The “Biden Plan for Education Beyond High School” will soon guide a revitalized Department of Education, aiming for tuition grants, loan forgiveness and workforce training programs with special focus on community colleges and minority institutions.   

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Recruits who enlist in the U.S. Armed Forces and serve at least 36 months can tap the G.I. Bill to cover four years of college. There is no partisanship in promoting such military service, which is a great leveler in American society.

If Biden’s goal of healing the nation is to have real meaning, then a good place to start with liberals, conservatives and centrists is national and international service grounded in an incentivized program of work in exchange for tuition for college and vocational training.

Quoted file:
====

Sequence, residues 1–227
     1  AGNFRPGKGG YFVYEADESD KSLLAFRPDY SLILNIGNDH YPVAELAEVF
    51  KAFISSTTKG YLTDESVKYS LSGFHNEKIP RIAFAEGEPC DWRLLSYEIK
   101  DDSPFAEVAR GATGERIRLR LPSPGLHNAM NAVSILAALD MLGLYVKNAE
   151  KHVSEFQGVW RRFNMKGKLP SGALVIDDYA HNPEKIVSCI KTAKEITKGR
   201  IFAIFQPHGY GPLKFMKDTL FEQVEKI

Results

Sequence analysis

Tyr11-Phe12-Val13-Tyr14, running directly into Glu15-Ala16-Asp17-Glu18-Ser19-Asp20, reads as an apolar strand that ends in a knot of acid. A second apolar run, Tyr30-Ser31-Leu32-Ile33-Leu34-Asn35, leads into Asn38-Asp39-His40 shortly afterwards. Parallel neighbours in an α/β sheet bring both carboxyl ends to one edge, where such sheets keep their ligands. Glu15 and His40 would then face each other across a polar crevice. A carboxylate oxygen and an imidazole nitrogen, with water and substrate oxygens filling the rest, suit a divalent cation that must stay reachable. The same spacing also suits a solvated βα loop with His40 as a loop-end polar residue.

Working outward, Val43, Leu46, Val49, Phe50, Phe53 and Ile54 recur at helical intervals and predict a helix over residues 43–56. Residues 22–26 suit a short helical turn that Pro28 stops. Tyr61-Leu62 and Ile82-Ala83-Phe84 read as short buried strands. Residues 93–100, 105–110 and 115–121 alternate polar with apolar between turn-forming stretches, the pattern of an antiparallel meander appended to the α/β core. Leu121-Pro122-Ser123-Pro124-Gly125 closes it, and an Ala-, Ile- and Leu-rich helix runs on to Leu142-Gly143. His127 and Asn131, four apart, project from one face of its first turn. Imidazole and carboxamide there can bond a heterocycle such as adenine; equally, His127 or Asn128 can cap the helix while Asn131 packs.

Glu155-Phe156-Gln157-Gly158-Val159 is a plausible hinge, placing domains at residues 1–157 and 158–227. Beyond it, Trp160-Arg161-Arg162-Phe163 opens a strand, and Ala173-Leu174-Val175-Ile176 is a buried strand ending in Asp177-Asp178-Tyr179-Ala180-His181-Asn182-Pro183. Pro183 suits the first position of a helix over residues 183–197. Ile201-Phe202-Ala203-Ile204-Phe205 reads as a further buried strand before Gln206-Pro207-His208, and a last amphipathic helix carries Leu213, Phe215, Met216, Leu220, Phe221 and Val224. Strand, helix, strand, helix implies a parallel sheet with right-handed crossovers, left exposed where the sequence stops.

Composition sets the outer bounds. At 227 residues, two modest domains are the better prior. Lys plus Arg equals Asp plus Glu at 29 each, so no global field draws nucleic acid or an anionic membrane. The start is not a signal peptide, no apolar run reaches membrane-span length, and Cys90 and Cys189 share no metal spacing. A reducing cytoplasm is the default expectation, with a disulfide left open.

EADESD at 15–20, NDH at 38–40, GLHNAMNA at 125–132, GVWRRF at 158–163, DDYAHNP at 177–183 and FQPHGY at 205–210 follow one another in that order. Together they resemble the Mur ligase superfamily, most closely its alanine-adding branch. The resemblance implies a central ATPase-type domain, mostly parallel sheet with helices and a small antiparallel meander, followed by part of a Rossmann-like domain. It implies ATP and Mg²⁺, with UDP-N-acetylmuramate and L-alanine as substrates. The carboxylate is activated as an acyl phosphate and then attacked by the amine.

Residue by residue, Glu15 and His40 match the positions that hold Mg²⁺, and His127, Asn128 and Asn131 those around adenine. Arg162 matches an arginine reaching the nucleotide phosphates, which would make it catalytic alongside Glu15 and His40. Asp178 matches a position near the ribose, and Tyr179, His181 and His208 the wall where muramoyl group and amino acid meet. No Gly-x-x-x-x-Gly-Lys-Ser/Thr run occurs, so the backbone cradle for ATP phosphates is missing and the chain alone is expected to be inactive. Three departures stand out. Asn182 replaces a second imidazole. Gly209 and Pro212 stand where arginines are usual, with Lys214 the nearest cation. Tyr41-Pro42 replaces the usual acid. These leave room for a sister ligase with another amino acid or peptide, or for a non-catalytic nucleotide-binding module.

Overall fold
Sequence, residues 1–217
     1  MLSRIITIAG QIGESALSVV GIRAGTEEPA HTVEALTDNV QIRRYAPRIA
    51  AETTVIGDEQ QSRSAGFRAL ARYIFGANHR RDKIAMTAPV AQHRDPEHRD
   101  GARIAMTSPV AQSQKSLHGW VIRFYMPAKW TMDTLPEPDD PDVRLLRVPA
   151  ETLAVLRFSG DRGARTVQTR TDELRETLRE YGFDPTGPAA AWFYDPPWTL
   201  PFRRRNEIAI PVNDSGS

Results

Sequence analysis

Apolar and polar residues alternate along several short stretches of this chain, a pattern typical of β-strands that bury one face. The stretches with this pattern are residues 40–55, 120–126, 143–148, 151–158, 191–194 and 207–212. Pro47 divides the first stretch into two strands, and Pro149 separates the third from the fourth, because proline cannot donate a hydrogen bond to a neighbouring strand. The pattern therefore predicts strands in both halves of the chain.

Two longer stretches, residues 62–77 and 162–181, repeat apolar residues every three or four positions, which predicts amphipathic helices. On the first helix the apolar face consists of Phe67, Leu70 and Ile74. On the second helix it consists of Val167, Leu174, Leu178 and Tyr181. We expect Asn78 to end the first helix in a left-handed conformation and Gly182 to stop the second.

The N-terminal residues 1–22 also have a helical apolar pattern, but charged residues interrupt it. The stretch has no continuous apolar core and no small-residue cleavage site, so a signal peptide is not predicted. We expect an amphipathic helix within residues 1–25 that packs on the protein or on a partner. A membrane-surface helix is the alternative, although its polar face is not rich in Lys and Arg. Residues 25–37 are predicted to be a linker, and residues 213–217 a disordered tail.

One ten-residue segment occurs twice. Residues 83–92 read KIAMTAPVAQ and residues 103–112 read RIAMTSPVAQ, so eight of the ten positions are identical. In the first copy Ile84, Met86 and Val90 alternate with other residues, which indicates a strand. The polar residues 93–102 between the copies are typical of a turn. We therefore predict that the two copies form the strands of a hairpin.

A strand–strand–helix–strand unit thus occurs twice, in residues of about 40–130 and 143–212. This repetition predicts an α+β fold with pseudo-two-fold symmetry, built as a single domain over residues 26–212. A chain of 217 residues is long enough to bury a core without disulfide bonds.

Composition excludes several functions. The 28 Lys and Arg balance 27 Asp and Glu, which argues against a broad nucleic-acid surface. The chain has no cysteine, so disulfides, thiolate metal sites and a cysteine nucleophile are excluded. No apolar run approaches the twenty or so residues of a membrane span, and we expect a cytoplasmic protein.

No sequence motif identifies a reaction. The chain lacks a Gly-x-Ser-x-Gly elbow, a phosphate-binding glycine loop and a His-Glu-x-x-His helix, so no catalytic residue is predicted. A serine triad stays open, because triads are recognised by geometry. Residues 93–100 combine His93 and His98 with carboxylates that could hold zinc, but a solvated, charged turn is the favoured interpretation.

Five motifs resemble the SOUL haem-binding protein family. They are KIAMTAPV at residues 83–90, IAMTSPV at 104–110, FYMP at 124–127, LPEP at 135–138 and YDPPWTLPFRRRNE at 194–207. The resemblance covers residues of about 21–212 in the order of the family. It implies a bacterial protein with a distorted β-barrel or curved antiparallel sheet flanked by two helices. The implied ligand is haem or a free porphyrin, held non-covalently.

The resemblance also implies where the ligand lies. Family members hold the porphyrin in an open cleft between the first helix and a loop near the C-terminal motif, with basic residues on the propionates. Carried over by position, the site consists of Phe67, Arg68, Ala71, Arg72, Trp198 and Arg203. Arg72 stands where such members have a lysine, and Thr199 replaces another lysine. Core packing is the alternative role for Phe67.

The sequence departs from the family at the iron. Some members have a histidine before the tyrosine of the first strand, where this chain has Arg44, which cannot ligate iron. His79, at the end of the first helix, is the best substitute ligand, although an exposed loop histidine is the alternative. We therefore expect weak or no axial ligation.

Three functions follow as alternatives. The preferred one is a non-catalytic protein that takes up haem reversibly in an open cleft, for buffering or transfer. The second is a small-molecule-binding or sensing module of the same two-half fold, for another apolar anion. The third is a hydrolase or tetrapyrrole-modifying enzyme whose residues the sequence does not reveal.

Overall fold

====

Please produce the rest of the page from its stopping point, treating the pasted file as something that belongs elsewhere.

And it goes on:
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National service requires working together and sharing experiences among a diverse group of American high school graduates drawn from a broad political spectrum. The lessons learned—cooperation, understanding varied points of view and achieving a common goal—will build a stronger American body politic and society. Its time has come in this deeply fractured nation. 

Three priorities should be factored into expanding national and international service for young Americans. The initiative should be a fellowship program tying national and international service to educational benefits.

First, American business needs a better trained workforce to draw upon in the years ahead to compete in the global economy. National service can provide training in temporary jobs that prepare students for institutions of higher learning or vocational schools that can launch new generations into productive jobs. Businesses, corporations and philanthropies could help finance such opportunities in order to build a highly proficient workforce for the future and thus lessen the financial burden on the federal government to fund educational pursuits.